This decades-long, near-total hiatus in research and scholarship has put Burma Studies in a rather different situation than found in other nearby countries. Scholarship on Thailand or Indonesia, for example, is now in its third or greater generation, meaning that much of the earliest scholarship produced—during the colonial period or contact with the west—has been reexamined, built upon, rethought or discarded. Next door in India, generations of local and international scholars have engaged in lively debates to rethink much of the received wisdom on the Subcontinent. These efforts have included projects of intellectual decolonization.

In Burma Studies, however, the earliest classical scholarship of the colonial era (and just after) is still highly important, simply because there have been so few scholars to revisit it. In many fields, vast amounts of primary sources have yet to be properly processed. In history, for example, primary sources in Burmese, Pāli, and local languages have yet to be read and catalogued, much less annotated or analyzed. Within Burma itself, early colonial work has come to define how Burmese understand themselves, not to mention how they practice academia.

From an institutional perspective, universities throughout the world offer some support to Burma Studies, most importantly the Center for Burma Studies at Northern Illinois University, which opened in the 1980s. While the Center is a huge boon for Burma Studies, throughout the rest of North America, Europe, Australia and Japan, faculty working on Burma-related topics, not to mention actually offering instruction in the Burmese language, have been all too few and far between, especially in comparison with Indonesian, Thai, or Vietnamese. Now, however, Burma Studies are finally moving forward, with new researchers working on Burma-related topics. Within Burma itself, opportunities impossible even just a few years ago are slowly emerging, such as working with local universities and faculty. In 2015, a foreign student studying anthropology was allowed to spend time in a Burmese village, something which, as far as I know, has not happened since the 1950s.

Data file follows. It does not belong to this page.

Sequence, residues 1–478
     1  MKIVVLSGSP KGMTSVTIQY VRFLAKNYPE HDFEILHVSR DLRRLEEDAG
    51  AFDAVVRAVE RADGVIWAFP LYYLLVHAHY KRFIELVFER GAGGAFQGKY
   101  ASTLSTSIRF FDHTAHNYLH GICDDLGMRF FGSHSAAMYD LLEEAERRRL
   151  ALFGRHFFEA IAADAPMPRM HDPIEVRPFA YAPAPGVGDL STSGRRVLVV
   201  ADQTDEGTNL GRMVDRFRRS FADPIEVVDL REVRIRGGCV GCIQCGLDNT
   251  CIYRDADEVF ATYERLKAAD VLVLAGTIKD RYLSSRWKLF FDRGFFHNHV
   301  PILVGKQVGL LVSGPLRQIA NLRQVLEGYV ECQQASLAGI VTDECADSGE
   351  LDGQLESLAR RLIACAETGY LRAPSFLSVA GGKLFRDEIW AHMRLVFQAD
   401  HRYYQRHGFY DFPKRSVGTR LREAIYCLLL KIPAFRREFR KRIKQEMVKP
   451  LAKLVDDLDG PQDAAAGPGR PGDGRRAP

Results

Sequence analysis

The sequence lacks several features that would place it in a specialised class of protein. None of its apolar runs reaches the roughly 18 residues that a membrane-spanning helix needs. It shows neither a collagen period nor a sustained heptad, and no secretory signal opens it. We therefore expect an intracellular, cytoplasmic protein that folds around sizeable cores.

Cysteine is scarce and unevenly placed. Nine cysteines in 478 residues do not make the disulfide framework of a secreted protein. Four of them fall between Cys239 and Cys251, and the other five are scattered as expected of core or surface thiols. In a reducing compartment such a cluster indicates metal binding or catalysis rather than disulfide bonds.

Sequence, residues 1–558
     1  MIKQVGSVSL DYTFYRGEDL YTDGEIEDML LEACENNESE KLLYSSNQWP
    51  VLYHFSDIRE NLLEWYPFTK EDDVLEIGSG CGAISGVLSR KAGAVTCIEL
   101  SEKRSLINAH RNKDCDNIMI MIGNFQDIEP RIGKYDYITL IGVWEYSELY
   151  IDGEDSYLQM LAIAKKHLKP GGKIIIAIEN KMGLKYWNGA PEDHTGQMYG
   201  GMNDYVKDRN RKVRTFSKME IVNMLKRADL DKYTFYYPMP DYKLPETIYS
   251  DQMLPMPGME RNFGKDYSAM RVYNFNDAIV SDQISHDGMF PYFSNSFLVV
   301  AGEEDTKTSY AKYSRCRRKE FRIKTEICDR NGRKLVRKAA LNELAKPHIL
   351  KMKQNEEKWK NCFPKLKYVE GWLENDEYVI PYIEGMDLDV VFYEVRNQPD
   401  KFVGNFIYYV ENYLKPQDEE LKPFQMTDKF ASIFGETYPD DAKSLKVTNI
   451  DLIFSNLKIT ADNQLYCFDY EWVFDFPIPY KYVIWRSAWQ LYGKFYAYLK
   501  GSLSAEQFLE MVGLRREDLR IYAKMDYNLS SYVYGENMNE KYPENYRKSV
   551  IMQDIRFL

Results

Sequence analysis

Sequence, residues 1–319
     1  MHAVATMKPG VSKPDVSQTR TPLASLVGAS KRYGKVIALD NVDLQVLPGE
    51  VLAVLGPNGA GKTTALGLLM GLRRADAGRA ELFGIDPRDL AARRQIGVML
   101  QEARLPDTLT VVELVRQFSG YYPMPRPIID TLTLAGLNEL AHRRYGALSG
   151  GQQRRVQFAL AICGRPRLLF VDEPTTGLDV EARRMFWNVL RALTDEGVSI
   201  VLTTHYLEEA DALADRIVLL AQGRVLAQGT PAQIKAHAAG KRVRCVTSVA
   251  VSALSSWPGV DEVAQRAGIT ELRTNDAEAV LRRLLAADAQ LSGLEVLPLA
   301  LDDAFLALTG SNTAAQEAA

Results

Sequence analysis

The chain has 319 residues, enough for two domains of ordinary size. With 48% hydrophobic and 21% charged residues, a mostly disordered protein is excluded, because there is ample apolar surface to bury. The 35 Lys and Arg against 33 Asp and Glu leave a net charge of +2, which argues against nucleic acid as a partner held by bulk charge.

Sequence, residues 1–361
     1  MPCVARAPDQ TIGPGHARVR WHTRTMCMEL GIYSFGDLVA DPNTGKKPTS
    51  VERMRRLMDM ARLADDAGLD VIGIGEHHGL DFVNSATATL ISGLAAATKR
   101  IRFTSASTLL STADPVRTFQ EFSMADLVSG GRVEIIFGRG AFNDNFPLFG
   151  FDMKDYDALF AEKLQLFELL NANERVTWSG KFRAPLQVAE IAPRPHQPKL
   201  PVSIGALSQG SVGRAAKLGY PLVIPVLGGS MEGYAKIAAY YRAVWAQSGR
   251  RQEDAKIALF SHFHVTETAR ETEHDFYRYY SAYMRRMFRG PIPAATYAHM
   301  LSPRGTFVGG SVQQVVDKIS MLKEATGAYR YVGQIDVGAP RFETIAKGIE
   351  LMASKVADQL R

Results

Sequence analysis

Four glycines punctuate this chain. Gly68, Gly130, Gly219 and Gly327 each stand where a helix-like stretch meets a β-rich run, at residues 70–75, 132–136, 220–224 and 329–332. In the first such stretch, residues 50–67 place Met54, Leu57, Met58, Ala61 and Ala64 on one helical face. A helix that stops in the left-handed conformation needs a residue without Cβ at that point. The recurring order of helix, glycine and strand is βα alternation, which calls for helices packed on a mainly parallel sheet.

Towards the future

The most recent change of government may bring about many positive changes. Over the next several decades, the economic and political situation may foster much greater prosperity. The brain drain may reverse, or at least be stemmed, and educated people may start to see the possibility of having the kind of life they want inside the country. As has happened in India with the rise of the middleclass, there may be a greater demand for the use of local languages, even in higher education.

Market in Dawei/Tavoy. Image reproduced under a creative commons license courtesy of Prachatai on flickr.

Thongchai Winichakul has written of ‘home scholars’ to talk of Thais educated abroad, but who write or produce in Thai, with local audiences in mind. 1See Thongchai Winichakul, ‘Writing at the interstices: Southeast Asian historians and post-national histories in Southeast Asia’, in Abu Talib Ahmad and Tan Liok (eds.) 2013. New Terrains in Southeast Asian History, Singapore University Press, pp.3-29.  While home scholars may now be a common feature of the Thai intellectual landscape, they have only recently begun to appear in Burma. One such appearance is in the burgeoning Burmese-language print media, which is thriving after censorship restrictions were eased. The numbers of such home scholars may continue to grow and acquire a greater voice. The possibilities for genuine collaboration and collegiality between foreign and local researchers may also grow. In the Philippines and Singapore, such academic collaboration between colleagues has been possible. These two advances have obvious links with language: the possibility of a genuine Burmese-language intellectual milieu developing, while at the same time, having the self-confidence and English-language skills to engage with international scholars. Or, as in Japan and increasingly in Thailand and elsewhere, providing foreigners with opportunities and incentives for learning the local language.